Although the roles of ethylene in plant response to salinity and other stresses have been extensively studied, there are still some obscure points left to be clarified. Generally, in Arabidopsis and many other terrestrial plants, ethylene signaling is indispensable for plant rapid response and tolerance to salinity stress. However, a few studies showed that functional knock-out of some ACSs increased plant salinity-tolerance, while overexpression of them caused more sensitivity. This seems to be contradictory to the known opinion that ethylene plays positive roles in salinity response...
2015: Frontiers in Plant Science
Gaolathe Rantong, Rodger Evans, Arunika H L A N Gunawardena
The lace plant, Aponogeton madagascariensis, is an aquatic monocot that forms perforations in its leaves as part of normal leaf development. Perforation formation occurs through developmentally regulated programmed cell death (PCD). The molecular basis of PCD regulation in the lace plant is unknown, however ethylene has been shown to play a significant role. In this study, we examined the role of ethylene receptors during perforation formation. We isolated three lace plant ethylene receptors AmERS1a, AmERS1b and AmERS1c...
October 2015: Plant Molecular Biology
Daniel R Gallie
Ethylene is a hormone involved in numerous aspects of growth, development, and responses to biotic and abiotic stresses in plants. Ethylene is perceived through its binding to endoplasmic reticulum-localized receptors that function as negative regulators of ethylene signaling in the absence of the hormone. In Arabidopsis thaliana, five structurally and functionally different ethylene receptors are present. These differ in their primary sequence, in the domains present, and in the type of kinase activity exhibited, which may suggest functional differences among the receptors...
2015: F1000Prime Reports
Elisa Gamalero, Bernard R Glick
A focus on the mechanisms by which ACC deaminase-containing bacteria facilitate plant growth.Bacteria that produce the enzyme 1-aminocyclopropane-1-carboxylate (ACC) deaminase, when present either on the surface of plant roots (rhizospheric) or within plant tissues (endophytic), play an active role in modulating ethylene levels in plants. This enzyme activity facilitates plant growth especially in the presence of various environmental stresses. Thus, plant growth-promoting bacteria that express ACC deaminase activity protect plants from growth inhibition by flooding and anoxia, drought, high salt, the presence of fungal and bacterial pathogens, nematodes, and the presence of metals and organic contaminants...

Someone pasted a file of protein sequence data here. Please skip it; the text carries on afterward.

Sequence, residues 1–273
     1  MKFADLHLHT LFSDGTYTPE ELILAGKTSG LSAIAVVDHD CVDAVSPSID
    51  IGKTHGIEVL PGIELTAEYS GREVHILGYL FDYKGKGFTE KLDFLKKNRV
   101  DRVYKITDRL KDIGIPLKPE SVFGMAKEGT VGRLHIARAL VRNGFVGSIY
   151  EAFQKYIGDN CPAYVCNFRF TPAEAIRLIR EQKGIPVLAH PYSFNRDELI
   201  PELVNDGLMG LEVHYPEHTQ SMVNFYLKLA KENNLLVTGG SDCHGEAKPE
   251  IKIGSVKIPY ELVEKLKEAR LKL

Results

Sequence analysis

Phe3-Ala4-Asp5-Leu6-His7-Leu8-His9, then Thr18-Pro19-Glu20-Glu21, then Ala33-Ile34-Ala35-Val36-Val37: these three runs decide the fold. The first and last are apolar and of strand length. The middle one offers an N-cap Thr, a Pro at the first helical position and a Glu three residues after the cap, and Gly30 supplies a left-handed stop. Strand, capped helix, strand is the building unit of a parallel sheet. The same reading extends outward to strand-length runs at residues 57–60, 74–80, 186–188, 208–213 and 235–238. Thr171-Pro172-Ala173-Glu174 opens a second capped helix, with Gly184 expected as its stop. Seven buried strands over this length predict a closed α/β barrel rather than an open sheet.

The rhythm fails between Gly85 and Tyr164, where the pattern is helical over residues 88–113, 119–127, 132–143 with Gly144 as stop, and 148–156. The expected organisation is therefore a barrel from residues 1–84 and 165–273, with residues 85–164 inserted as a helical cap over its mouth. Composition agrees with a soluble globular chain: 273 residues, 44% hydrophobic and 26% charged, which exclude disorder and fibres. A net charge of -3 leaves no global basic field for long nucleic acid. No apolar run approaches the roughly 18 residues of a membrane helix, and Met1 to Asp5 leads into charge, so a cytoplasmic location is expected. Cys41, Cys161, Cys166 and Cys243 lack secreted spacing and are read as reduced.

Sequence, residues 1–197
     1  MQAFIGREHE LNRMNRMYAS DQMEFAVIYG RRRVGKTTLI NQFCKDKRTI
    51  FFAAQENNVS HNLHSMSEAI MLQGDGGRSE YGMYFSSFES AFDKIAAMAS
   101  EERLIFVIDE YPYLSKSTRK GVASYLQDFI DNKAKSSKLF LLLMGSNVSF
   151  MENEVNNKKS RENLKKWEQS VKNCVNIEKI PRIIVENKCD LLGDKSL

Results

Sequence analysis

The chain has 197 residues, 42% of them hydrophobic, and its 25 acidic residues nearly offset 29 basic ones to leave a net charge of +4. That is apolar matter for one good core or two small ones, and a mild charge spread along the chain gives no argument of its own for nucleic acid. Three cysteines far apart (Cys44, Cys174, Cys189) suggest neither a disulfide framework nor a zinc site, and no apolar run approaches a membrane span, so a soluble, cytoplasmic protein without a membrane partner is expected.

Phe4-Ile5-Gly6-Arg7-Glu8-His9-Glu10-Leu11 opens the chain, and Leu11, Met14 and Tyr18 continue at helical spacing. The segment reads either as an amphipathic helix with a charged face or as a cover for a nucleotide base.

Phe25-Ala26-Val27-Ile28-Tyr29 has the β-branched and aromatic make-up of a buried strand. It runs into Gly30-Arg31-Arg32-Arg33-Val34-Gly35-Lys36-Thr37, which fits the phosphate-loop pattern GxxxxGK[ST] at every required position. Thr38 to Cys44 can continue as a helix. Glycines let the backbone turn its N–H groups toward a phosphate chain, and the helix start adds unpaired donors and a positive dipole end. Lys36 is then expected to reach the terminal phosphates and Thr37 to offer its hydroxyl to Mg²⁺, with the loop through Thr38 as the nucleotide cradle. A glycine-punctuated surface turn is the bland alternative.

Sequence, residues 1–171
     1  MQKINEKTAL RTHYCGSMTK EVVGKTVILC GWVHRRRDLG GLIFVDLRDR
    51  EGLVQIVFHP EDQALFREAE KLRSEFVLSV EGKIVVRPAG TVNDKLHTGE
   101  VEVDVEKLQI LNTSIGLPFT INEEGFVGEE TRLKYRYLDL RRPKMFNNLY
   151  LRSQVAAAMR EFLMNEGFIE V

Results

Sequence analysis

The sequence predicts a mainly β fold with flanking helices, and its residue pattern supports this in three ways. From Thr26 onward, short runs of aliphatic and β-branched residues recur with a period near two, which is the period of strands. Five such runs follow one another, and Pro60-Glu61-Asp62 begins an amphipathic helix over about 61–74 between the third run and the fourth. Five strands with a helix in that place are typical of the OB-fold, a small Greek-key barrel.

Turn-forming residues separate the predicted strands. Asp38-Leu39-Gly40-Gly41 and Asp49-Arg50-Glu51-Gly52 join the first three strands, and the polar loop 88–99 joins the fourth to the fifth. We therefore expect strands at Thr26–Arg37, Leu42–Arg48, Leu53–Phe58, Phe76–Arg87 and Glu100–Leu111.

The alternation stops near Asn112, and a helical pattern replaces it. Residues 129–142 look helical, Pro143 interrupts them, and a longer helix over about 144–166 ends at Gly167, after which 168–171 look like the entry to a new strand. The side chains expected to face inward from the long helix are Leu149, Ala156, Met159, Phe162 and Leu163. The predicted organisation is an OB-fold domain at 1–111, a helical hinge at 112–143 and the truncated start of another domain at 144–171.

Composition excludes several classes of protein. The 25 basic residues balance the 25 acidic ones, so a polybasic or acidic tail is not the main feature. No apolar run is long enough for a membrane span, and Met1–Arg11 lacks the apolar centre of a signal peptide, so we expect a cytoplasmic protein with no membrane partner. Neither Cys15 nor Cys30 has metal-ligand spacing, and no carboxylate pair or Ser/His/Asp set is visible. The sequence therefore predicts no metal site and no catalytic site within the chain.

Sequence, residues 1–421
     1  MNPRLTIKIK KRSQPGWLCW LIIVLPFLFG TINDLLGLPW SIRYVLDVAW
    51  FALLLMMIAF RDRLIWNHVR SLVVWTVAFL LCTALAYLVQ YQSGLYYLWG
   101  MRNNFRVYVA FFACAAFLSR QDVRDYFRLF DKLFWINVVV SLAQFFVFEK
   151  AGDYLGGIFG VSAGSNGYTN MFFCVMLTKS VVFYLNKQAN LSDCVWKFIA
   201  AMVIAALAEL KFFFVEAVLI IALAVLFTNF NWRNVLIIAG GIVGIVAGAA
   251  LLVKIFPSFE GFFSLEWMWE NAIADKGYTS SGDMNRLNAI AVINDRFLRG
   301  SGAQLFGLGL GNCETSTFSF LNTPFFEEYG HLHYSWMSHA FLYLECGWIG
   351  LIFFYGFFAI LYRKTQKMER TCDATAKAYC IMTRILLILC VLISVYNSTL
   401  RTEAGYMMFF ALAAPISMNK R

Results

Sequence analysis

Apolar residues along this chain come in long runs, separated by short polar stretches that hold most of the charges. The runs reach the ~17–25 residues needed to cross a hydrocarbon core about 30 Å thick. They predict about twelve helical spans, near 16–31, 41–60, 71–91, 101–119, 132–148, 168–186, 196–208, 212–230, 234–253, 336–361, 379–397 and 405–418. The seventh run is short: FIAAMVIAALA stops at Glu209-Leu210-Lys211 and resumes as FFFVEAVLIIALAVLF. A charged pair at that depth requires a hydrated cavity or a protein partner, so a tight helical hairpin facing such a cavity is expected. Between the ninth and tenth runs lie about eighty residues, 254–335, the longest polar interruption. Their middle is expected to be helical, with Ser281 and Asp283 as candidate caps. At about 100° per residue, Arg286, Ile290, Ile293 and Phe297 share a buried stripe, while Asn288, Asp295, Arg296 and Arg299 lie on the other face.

September 2015: Plant Physiology
Melanie M A Bisson, Georg Groth
The gaseous plant hormone ethylene regulates many processes of high agronomic relevance throughout the life span of plants. A central element in ethylene signaling is the endoplasmic reticulum (ER)-localized membrane protein ethylene insensitive2 (EIN2). Recent studies indicate that in response to ethylene, the extra-membranous C-terminal end of EIN2 is proteolytically processed and translocated from the ER to the nucleus. Here, we report that the conserved nuclear localization signal (NLS) mediating nuclear import of the EIN2 C-terminus provides an important domain for complex formation with ethylene receptor ethylene response1 (ETR1)...
August 2015: Molecular Plant
Maria A Rodrigues, Ricardo E Bianchetti, Luciano Freschi
Ethylene metabolism in higher plants is regulated by a wide array of endogenous and environmental factors. During most physiological processes, ethylene levels are mainly determined by a strict control of the rate-limiting biosynthetic steps responsible for the production of 1-aminocyclopropane-1-carboxylic acid (ACC) and its subsequent conversion to ethylene. Responsible for these reactions, the key enzymes ACC synthase and ACC oxidase are encoded by multigene families formed by members that can be differentially regulated at the transcription and post-translational levels by specific developmental and environmental signals...
2014: Frontiers in Plant Science
Hubert Mayerhofer, Saravanan Panneerselvam, Heidi Kaljunen, Anne Tuukkanen, Haydyn D T Mertens, Jochen Mueller-Dieckmann
Ethylene initiates important aspects of plant growth and development through disulfide-linked receptor dimers located in the endoplasmic reticulum. The receptors feature a small transmembrane, ethylene binding domain followed by a large cytosolic domain, which serves as a scaffold for the assembly of large molecular weight complexes of different ethylene receptors and other cellular participants of the ethylene signaling pathway. Here we report the crystallographic structures of the ethylene receptor 1 (ETR1) catalytic ATP-binding and the ethylene response sensor 1 dimerization histidine phosphotransfer (DHp) domains and the solution structure of the entire cytosolic domain of ETR1, all from Arabidopsis thaliana...
January 30, 2015: Journal of Biological Chemistry